It’s a good friend’s birthday on Wednesday. Another good friend has promised to text me Tuesday, to remind me.
She knows what it’s like this time of year for me. I’m going to be marking hundreds of thousands of words. I’m writing a chapter for an academic text, still writing my new book, and organising a symposium on narrative voice in historical and fantasy fiction. And have a puppy and a ten year old and my wine-obsessed husband and elderly house, etc… I really won’t be human again, until July.
And I’ll forget lots and lots of stuff.
But that’s okay. As a writer, you learn that forgetting is an important part of how your mind works. You can try and write down every idea that comes to you and then mine your notebooks for ideas…but really, what happens is that you remember the best one and go searching for it in the welter of stupid ideas you have completely forgotten (‘children’s book about angry armadillo’, ‘the time the crow stole my underwear’, ‘what happened when Rocky took mushrooms’). The good ideas don’t go away. They knock on the door of your memory, slide under it into your consciousness, wait until you are driving or otherwise occupied and come and nestle in your frontal cortex.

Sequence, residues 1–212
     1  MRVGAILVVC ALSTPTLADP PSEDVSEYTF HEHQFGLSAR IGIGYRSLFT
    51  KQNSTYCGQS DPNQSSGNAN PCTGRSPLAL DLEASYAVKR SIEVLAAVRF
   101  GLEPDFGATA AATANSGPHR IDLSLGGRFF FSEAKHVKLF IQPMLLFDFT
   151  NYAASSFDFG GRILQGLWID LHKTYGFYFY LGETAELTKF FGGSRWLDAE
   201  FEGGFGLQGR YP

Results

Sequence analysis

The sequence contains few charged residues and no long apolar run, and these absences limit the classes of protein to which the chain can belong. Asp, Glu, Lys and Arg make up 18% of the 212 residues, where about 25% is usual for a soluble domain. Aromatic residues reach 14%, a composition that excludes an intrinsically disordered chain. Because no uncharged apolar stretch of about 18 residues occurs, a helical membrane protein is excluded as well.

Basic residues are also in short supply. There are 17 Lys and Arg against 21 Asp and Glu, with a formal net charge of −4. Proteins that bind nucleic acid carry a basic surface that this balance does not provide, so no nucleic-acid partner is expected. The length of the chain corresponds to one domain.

A new colleague told me about a puppy who got stuck coming in through a catflap. He arrived in the living room, wearing the entire door panel like a skirt. She said she wished she’d taken a photo, as if it was a personally failing on her part that she hadn’t immediately reached for a camera. But as she described the moment, I could tell that she had kept that memory safe; she’d polished it and taken it out and looked at it several times. The dog has been dead two years, but the puppy is still with her.
We remember the important things. I’ll remember how much I love Sue; the way she laughs, the way her eyes crinkle up when she’s about to do something naughty…even if I do mess up and forget to buy a card for Wednesday. And I’ll remember the important ideas for my work. Even if I do forget to brush my teeth before a lecture…